A year after St. Vincent Healthcare shook up its heart and vascular services by ending a contract with the physician group that provided the services, the hospital has rounded out the hiring of more than a dozen new staff.
There are now more than 15 providers, including 10 physicians, working in the St. Vincent Healthcare Heart Institute in an effort that hospital leadership said opens up new services and procedures not previously available to patients while also allowing more people to receive care.
"We are building on that and expanding our programs," said Dr. William Knopf, chief of cardiovascular services. "Our vision is to be the best heart institute in the region. We're thinking big and broad, and we're getting these great people here."
Knopf was among the first to join in the new effort, coming from Georgia to the hospital in late 2015 to head up the new effort. Previously, the hospital contracted out with four physicians after it purchased the Montana Heart Institute in 2014.
St. Vincent decided to move into a different leadership model and bring the physicians in-house, which led to the decision to not renew the contract. One of those physicians, Dr. Robert Terry, decided to stay with the practice after the contract decision was made.
Since then, the center has brought in doctors, nurse practitioners, physician assistants and other medical staff with a wide range of experience from all over the country. The doctors include cardiologists, cardiac and vascular surgeons, an electrophysiologist and an imaging and echocardiography specialist.
"We now have a full complement of surgeons that can perform nearly every procedure you'd find anywhere across the country," said Dr. Michelle Ellis, chief of cardiovascular surgery, who previously worked as a cardiothoracic surgeon at MidMichigan Health.
Included in that new staff is Dr. Tas Saliaris, the new director of electrophysiology. Developing the program collaboratively with the rest of the staff, including members of the internal cardiology team, is a key component of the new efforts.
He said that with the hospital administration's support, including the availability of new and cutting-edge technology, patients now have access to new procedures and expertise they couldn't get before, including certain defibrillator and wireless pacemaker implants.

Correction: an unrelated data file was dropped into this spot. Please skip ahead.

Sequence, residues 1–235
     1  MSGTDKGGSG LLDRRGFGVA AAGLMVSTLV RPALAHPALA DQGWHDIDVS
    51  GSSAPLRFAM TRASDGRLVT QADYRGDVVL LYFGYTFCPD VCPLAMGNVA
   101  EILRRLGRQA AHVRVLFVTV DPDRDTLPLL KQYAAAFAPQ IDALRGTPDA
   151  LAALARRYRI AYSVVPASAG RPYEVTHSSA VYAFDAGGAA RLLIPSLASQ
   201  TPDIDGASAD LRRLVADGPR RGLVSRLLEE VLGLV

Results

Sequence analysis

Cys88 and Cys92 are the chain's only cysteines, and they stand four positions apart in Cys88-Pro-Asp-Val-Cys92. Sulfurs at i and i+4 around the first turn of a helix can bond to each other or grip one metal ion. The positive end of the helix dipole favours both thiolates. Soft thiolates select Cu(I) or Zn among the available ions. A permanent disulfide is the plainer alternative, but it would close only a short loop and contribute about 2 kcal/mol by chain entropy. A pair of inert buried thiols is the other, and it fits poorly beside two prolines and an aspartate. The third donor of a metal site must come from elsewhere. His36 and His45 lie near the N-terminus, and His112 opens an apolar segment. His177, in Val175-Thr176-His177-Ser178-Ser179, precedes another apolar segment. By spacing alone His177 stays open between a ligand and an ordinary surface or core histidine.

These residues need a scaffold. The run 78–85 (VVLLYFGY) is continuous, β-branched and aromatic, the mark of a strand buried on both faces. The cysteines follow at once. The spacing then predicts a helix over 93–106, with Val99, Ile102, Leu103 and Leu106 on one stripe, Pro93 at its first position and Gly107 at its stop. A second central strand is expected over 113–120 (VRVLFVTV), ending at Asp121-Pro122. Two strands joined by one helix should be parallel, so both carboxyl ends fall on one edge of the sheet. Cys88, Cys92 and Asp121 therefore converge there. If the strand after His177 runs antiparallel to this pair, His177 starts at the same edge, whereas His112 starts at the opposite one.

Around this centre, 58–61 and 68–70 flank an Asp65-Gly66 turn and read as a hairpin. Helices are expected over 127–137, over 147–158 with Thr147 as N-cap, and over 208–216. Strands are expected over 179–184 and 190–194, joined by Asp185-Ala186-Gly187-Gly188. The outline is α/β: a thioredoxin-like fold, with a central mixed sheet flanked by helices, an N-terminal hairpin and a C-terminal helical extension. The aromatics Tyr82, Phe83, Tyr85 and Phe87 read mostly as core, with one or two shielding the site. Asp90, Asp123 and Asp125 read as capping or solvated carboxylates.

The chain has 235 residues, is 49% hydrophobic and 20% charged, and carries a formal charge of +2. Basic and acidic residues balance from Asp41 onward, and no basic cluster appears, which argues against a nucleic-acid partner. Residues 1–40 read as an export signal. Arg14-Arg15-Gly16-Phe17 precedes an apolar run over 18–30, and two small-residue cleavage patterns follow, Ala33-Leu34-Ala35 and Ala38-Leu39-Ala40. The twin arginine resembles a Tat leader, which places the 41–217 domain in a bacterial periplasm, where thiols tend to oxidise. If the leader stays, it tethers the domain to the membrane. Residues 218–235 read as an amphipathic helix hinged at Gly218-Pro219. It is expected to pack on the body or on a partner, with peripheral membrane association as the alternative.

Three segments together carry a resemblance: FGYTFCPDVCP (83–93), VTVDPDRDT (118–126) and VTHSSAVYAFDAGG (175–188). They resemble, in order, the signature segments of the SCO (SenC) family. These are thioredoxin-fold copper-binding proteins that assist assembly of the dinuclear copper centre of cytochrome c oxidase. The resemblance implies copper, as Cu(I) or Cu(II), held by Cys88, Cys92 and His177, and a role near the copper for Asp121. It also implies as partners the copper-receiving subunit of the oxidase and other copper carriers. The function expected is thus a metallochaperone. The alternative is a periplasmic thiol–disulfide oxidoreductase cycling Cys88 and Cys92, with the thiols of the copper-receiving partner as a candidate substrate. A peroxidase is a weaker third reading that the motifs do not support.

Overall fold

"We work together to figure out what's the best approach," Saliaris said. "It's been made very easy for us to get along."
Within the next six months, he also plans to have a center for atrial fibrillation ablation — a minimally invasive procedure to address a patient's irregular heartbeat, which can cause blood clots, stroke, heart failure and other heart problems — up and running within the program.
With the expanded resources, more staff and an increase in available procedures, along with a centerwide effort to see patients as soon as possible 24 hours a day, the physicians are seeing more and more patients.
Ellis said members of the team have opened up their schedules to ensure that patients don't wait long to see a physician, whether it's by appointment or a visit to the emergency room.
"We expect our growth to continue," Knopf said. "There are two ways to grow programs. One, you bring in the best staff. Second, you provide each patient with a quality experience so they become your best advocate."
With that, Knopf said he's seen a growth of around 25 to 30 percent, some of them dealing with issues more complex than what the hospital could previously handle.
That also plays into what many of the new staff described as a focus on providing a holistic experience that looks at any number of factors, using the expertise of people from all over the team.
"We meet two times a day as whole team," Knopf said. "We go over every patient that's been admitted."